Hunting Big Bronze in Wisconsin - Major League Fishing

Hunting Big Bronze in Wisconsin

How Matt Stefan targets the biggest smallmouths of the season
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Matt Stefan Photo by Jody White.
October 8, 2019 • Jody White • Major League Lessons

Matt Stefan has high standards for fall smallmouth fishing.

“On a normal day, if the best five aren’t over 25 pounds, it isn’t a good day,” he says. “My best days with a buddy have been where the best five have gone 29 to 32 pounds. We get lots of 6-pounders a year, and we’ve caught some right at the 7-pound mark. I’ve had a few on that we haven’t landed that were bigger.”

Stefan is talking about giant Wisconsin smallmouths, but he’s not hitting up Chequamegon Bay or Sturgeon Bay to do it. He’s fishing within an hour or so of his Junction City home in central Wisconsin.


Matt Stefan

Finding Big-Fish Lakes

Big smallmouths are pretty much a given on the Great Lakes these days, but it takes a little scouting for inland Wisconsin. For Stefan, it starts with research on the forage and blossoms from there.

“You’re looking for oily fish: alewives, whitefish, ciscoes,” says Stefan. “And those fish live in the deeper, clear-water lakes. It seems like the more deep water, the better, in terms of bass size. I’m looking for the biggest fish around. For whatever reason, the deeper the lake, the bigger the fish. Deeper lakes usually have fewer weeds and are more oligotrophic-style lakes [lakes lacking in nutrients and vegetation], and from a fishing standpoint I prefer those barren lakes.”


Matt Stefan

Locating Bass

Once Stefan identifies a good lake the fishing is simple enough. It requires patience and a willingness to brave cold weather as the season progresses. He likes to target the biggest smallmouths when they’re basically in their wintering spots. That’s usually when the water temperature is in the 40s and the air temperature registers about the same.

“I’m usually looking at the deepest water that comes up to a point or a hump, and the wintering fish will set up on a deep flat spot on that area,” Stefan says. “More than anything, the water color dictates the depth where they’ll winter. In darker water the deep fish will be in about 20 or 30 feet. But in clearer lakes you can catch them down to about 50 or 55 feet of water.”

Finding the best spots in the lake is a process, and though map study helps, you need to do some fishing and looking too.

“You can find fish on just a break, but this time of year you definitely want a harder bottom. I very rarely catch fish on just a sand break. But, I also don’t want big boulders. It seems like they want gravel with some baseball- or basketball-sized rock mixed in.”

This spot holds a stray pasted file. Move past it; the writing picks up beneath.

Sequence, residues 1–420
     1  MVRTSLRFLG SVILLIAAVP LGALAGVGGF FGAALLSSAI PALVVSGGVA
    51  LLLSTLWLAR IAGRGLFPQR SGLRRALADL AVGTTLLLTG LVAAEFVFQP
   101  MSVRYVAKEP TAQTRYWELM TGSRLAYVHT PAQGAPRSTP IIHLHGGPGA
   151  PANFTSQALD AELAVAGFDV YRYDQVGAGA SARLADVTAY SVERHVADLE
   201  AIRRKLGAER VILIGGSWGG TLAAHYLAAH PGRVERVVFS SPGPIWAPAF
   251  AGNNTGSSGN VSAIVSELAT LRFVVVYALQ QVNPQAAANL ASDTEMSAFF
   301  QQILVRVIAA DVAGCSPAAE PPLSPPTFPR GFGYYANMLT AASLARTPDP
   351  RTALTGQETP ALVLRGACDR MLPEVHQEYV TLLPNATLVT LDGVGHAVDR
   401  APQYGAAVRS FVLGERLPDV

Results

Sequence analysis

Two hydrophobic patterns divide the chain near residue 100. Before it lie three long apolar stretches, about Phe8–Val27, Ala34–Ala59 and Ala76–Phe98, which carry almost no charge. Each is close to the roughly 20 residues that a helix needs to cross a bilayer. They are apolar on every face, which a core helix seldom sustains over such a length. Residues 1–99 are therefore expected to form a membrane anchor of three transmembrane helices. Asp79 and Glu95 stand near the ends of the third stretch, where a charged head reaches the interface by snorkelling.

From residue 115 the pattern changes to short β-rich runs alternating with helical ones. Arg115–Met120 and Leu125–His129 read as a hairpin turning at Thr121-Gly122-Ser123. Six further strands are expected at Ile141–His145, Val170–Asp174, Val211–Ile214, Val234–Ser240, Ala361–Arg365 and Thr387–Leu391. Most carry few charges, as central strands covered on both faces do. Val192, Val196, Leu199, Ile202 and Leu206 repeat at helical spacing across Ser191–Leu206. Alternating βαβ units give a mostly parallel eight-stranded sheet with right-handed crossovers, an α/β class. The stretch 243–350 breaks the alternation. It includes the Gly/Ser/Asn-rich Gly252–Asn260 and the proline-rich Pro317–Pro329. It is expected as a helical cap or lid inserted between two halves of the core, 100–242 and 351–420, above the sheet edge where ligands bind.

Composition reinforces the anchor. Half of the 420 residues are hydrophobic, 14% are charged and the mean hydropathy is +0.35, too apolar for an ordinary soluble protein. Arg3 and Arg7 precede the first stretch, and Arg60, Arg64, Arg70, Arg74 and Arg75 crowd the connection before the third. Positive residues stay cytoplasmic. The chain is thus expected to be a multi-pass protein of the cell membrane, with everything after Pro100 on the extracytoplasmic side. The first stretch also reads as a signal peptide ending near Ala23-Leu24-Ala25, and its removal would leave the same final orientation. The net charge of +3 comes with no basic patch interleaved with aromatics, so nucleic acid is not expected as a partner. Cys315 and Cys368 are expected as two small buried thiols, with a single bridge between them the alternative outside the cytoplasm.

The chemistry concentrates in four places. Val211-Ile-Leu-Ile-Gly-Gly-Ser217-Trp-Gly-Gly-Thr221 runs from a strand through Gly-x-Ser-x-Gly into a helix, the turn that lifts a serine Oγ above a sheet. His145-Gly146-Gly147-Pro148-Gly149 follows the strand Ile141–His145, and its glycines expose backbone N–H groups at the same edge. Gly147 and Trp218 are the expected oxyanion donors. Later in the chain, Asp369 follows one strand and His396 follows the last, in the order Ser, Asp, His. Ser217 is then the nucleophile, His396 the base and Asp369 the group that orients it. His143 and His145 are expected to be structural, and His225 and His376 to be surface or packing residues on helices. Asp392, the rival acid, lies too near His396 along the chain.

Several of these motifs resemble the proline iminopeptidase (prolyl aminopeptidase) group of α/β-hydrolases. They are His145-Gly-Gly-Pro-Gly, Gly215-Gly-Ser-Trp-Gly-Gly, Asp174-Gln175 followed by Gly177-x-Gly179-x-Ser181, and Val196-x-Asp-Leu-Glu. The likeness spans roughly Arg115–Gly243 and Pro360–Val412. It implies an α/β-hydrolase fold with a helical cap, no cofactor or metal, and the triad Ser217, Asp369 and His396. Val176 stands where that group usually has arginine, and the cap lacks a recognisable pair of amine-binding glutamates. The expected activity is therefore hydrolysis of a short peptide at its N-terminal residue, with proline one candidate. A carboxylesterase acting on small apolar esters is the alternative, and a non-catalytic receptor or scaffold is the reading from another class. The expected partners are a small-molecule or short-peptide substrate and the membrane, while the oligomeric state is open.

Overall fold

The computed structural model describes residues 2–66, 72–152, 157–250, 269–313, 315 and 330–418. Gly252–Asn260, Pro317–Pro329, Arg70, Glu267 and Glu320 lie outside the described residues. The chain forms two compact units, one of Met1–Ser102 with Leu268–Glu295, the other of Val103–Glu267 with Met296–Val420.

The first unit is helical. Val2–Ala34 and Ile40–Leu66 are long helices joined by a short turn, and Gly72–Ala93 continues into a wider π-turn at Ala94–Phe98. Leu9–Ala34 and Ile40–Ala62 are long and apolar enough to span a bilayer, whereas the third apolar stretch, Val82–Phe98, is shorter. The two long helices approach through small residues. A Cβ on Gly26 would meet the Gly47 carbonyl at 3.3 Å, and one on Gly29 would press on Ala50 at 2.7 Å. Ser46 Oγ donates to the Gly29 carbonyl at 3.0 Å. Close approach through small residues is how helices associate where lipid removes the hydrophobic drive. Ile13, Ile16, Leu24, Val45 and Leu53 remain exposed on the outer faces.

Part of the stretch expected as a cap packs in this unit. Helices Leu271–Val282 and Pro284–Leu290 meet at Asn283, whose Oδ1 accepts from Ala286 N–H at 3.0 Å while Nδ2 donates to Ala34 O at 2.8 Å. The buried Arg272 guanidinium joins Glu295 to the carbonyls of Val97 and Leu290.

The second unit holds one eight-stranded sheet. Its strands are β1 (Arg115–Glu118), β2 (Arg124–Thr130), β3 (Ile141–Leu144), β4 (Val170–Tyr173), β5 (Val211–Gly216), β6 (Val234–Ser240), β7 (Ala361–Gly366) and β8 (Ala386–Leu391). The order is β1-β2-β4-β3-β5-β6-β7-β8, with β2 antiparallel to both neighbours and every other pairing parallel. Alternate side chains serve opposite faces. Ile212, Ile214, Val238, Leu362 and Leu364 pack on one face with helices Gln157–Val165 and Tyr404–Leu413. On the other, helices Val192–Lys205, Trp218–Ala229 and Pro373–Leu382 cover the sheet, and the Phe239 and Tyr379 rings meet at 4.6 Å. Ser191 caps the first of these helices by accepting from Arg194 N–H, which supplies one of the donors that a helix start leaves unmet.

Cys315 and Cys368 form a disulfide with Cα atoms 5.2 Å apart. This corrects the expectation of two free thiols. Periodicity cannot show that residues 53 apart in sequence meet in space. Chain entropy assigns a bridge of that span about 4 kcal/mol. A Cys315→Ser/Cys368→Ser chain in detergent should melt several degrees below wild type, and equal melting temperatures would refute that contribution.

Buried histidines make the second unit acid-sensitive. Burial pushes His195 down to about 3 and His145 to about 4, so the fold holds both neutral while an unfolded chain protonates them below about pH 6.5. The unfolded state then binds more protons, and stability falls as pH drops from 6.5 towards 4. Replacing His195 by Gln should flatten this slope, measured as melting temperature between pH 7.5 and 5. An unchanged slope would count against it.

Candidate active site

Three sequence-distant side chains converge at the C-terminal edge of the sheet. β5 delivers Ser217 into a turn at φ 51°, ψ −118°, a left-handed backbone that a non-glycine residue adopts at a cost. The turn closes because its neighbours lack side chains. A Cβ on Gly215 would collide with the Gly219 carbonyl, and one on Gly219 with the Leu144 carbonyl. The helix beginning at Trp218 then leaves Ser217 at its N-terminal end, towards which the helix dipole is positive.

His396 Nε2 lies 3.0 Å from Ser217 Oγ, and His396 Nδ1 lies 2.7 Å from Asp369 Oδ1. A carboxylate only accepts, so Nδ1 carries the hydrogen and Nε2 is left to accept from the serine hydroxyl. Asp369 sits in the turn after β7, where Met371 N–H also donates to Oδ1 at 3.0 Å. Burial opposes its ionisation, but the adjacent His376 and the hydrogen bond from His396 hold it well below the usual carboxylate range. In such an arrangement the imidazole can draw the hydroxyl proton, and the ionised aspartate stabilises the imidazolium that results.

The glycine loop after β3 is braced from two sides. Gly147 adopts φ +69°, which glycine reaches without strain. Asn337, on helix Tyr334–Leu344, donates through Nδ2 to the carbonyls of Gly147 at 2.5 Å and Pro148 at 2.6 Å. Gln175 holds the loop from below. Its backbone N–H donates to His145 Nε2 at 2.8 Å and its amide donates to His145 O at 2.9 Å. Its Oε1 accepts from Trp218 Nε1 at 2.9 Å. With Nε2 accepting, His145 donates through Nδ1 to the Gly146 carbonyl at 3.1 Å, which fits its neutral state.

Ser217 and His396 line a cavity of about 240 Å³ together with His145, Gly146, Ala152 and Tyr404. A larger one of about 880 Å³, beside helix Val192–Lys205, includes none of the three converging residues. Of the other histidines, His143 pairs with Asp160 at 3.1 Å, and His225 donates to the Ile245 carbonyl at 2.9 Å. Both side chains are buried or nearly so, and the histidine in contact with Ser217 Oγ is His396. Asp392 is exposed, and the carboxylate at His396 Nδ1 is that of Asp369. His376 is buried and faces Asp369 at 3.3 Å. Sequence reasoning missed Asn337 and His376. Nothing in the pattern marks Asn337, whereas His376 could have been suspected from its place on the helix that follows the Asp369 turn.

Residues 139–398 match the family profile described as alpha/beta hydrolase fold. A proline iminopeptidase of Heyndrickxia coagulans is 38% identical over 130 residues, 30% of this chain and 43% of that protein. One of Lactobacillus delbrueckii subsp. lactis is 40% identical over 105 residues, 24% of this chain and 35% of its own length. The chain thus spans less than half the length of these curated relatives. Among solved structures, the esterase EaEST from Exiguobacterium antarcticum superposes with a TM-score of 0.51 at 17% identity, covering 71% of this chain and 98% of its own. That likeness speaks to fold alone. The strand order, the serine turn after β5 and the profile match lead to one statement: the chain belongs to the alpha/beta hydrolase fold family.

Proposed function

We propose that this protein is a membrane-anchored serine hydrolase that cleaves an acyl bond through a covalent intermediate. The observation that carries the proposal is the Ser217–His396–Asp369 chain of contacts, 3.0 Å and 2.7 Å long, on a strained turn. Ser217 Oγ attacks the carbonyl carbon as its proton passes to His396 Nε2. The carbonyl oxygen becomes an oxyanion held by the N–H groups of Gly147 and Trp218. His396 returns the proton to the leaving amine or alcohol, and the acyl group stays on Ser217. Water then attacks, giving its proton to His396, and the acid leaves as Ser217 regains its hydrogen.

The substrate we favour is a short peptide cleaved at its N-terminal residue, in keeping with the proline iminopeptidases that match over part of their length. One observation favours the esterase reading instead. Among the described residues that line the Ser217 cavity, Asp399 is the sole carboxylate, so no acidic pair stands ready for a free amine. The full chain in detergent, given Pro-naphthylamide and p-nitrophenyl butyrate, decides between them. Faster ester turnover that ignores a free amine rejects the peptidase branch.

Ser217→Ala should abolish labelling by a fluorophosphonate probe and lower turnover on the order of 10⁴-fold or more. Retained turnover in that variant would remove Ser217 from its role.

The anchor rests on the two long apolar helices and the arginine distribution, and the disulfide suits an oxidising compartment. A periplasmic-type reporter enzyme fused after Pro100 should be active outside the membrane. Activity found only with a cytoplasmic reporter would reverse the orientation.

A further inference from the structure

Stefan says he’s caught plenty of fish that come up with particles from the bottom on their stomachs – evidence of how tightly they snug down to the lake floor.

One plus of late-fall smallmouths on inland lakes is that the gains you make one year can translate well to the next.

“When you find a good spot you usually catch multiple fish, and you can go back every year,” says Stefan. “I’ve put in a lot of grueling hours doing this, and you can go back to these places year to year and it’s worth it. If you find one or two spots every time you go to a lake, you might get 10 spots on a lake in a few years. Then you can rotate those spots and have enough to make a trip really worthwhile.”


Matt Stefan

The Technique

Fishing deep with light line is Stefan’s basic approach for big fall smallmouths.

“I really like to keep bottom contact,” he says. “Generally, I like to use the lightest weight possible for two reasons: It makes you fish slow, and, because the fish are less aggressive, it’s easier for them to suck in a light bait.”

The search starts with heavier baits, though. Stefan might toss a blade bait or an umbrella rig, and then slow down once he really dials in. Then his mainstay is a single 2.8- or 3.3-inch Berkley PowerBait Power Swimmer or Keitech Swing Impact FAT swimbait on a 3/16- or 1/4-ounce Dirty Jigs Guppy Head. An alternative is a small casting jig or drop-shot with a little swimbait or soft-plastic leech.

Fishing deep with light baits takes time to learn and adapt to, but it can pay off. Once you catch one, you can usually catch a lot more. But you have to play it right.

“In my opinion it’s more crucial this time of year to know what your lines [casting angles] are,” Stefan says. “If you get bit and you can make the cast again, chances are good you’re going to hit another on the top of the head.”

For his swimbaits, Stefan uses an MHX HM-MB873 casting rod, 8- or 10-pound-test fluorocarbon, and a lot of patience. In windier weather, he’ll occasionally upsize to a heavier head or swap to a spinning rod with lighter line, but both of those scenarios aren’t ideal.

Fishing deep and slow like Stefan does isn’t super easy, and you need to pick good weather days if you can, but when it all comes together the ceiling is about as high as it gets in fishing.